Vol. 9, No. 3

March 2007

PQ Systems

Healthy control charts

Quality Quiz: With a video!

Six Sigma

Data in everyday life

Bytes and pieces

FYI: Current releases


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Six Sigma and more:
Six Sigma and “the other:” compassion in the workplace

Last fall, I participated in an international conference in Kalamazoo, MI, entitled “Engaging the Other: The Power of Compassion.” As you can imagine, the conference consisted of themes about connections, war, peace, torture, terrorism, trust, fear, ignorance of others, diversity, religion, spirituality, goodness, inclusion, and, yes, compassion. The common denominator among all the people presenting these themes is that they all, in their own ways, attempt to bring people closer together.

I have heard people say, “Why bother?” After all, “America, the strongest country in the world, was built on a culture of individualism…We can always raise ourselves up by our own bootstraps…Nobody is poor in this state unless they want to be…The free market provides a level playing field…After all, we are inherently a tribal species and tribes always have fought.” Maybe, but I find the philosophy behind this conference more compelling.

Archbishop Elias Chacour of the Melkite Catholic Church in Israel, a Nobel Prize nominee for his efforts of promoting friendship between Arabs and Jews in Israel and Palestine, brought us a simple alternative. “We are all born babies…of stardust…all made of the same atoms.”

Another speaker, John Vasconcellos, reminded us of a description by the famous psychologist, Carl Rogers, “We human beings are innately inclined toward becoming life-affirming and constructive, responsible and trustworthy-provided each of us experiences encouragement and nurturance within our life.”

Another common alternate theme in the conference was the description of our nature as homo sapiens that comes from the widely-researched developmental paths that we tend to pursue. Although these paths are all different, there seems to be a common theme of movement toward universal embrace of others. Psychologist Carol Gilligan’s research, for example, published in her 1982 book, In a Different Voice (Harvard University Press, Cambridge, MA: 1993), describes a universal pathway of women’s moral development, based on what she calls “levels of care.” These levels include:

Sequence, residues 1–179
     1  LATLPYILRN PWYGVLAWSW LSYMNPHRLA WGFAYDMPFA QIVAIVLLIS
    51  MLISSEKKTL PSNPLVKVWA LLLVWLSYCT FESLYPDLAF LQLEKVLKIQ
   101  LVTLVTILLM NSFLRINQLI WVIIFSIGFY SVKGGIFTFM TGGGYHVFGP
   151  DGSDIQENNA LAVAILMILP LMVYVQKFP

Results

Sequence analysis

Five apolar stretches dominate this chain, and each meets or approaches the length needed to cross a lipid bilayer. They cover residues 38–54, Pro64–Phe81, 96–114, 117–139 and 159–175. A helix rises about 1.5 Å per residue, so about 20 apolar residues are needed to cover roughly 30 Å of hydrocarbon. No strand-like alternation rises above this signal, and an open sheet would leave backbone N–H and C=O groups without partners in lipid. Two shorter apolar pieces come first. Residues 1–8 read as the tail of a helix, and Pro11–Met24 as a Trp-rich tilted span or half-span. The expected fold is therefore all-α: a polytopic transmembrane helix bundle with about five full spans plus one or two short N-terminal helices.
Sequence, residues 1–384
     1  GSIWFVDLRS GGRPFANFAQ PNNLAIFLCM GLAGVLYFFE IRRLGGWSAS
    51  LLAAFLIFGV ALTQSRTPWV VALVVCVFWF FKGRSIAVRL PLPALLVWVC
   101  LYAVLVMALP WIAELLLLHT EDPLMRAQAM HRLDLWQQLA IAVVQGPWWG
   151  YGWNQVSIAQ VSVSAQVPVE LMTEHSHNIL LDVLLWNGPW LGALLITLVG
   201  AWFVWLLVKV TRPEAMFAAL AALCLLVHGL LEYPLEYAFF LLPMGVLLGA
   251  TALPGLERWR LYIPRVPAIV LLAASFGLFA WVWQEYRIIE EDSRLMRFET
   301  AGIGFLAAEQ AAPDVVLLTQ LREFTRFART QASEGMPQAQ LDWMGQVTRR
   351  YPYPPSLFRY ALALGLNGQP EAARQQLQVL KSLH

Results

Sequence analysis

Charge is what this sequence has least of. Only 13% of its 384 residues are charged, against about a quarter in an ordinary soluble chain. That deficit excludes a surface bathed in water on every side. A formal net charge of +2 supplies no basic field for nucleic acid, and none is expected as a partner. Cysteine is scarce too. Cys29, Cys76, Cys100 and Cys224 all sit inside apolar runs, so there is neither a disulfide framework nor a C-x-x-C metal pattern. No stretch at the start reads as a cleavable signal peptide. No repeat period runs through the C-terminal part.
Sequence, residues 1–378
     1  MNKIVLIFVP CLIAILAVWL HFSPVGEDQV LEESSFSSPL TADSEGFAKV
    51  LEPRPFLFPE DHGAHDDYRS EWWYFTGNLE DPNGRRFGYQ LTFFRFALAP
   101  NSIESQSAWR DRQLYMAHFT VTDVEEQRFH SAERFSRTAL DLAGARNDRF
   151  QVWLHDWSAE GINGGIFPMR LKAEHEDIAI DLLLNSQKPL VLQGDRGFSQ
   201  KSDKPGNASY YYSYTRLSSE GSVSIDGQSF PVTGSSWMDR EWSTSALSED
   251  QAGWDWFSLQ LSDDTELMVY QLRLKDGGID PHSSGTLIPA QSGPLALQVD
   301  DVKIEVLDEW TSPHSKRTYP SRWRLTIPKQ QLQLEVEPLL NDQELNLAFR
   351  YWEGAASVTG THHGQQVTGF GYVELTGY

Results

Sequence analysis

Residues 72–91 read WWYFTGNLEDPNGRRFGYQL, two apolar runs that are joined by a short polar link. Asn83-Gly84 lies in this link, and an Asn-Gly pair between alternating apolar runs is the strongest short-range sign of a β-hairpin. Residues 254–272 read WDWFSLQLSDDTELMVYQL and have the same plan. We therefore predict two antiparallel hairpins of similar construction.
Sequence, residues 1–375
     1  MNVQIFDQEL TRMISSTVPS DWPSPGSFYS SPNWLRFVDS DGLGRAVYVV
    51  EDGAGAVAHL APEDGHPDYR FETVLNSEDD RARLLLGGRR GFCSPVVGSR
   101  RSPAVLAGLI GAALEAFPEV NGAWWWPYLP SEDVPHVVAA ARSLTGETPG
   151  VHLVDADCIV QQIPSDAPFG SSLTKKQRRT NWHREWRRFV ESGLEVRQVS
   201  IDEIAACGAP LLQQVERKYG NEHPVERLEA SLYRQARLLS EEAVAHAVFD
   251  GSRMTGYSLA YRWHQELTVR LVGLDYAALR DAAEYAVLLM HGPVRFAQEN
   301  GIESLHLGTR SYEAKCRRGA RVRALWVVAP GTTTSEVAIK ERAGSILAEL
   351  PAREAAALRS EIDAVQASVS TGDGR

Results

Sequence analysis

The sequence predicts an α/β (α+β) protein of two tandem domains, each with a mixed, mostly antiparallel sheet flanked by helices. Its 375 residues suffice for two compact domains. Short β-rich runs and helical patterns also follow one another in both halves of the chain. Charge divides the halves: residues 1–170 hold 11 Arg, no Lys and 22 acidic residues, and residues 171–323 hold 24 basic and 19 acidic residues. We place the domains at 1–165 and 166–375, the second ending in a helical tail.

• care for self , in which young girls and oftentimes women with little resources, think and act in ‘selfish’ ways, making choices that ensure their own survival
  • care for others , in which women make choices and act in ways that include the needs of others in addition to their own, especially those closest to them
  • care for all , in which a synergy happens when a woman’s thoughts and actions integrate self-care, care for others closest to her, and the common good

Research indicates that we all follow general pathways of development, but may get stopped at lower levels because of trauma, culture, or local environmental conditions. So we can all get to a level of universal care if the impediments to our natural development are rolled away. We generally have the capability to show compassion for everyone even though we all too often act as though it were not true.

So what does all this tell us about Six Sigma? I find that many of us treat Six Sigma stakeholders as “the other,” a person somehow not worthy of our best intentions…a person somehow separate from and beneath our superficial view of ourselves. Our behaviors build walls when we would be better off building bridges.

We frequently treat our employees as if they are the problem when organizational performance falls below our desires. We don’t ask what they need to do their job. We sometimes deny it even when they ask. We create win-lose incentive systems that either extrinsically or intrinsically punish and alienate the losers. We treat them as if their skills, intelligence, and intentions are not up to the task. And we wonder why we have trouble finding good employees as they leave our workplace.

We frequently demand price reduction of our suppliers without exploring with them the implications of these reductions. We reject products and services without adequate explanations so that they can improve their systems. We pit our suppliers against one another without fully explaining to them the rules of the game. We frequently do not even treat them with the courtesy we would treat any other human being. And we wonder why it is so difficult to find good suppliers.

We frequently spy on our competitors in order to get an advantage in the marketplace. We temporarily cut prices in order to force them out of business. We lobby for laws and regulations to do the same. We discard any opportunities to collaborate or cooperate with our competitors to serve the overall best interests of our common customers. And we wonder why our competitors don’t play fair and our customers find other products and services to meet their needs.

We frequently have no knowledge of the needs and expectations of our customers. We send out questionnaires without asking the right questions. We use our market research and customer feedback to make ourselves look good rather than improving ourselves. We spend millions, maybe billions on advertising without asking if it influences our customers’ behavior. We ignore or even chastise our customers for expecting more than we provide. And we wonder why our customer loyalty is slipping.

Now, I know that we don’t all do these things but I also know that many of us do. So here’s the deal. It’s pretty simple and, as I am reminded by the recent, sudden loss of my wife, Carole’s mom, Doris Bly, pretty urgent. Start treating everyone as if they are part of us, instead of “the other.” I think you’ll be pleasantly surprised. As always, I welcome your input and questions. I’m at support@pqsystems.com


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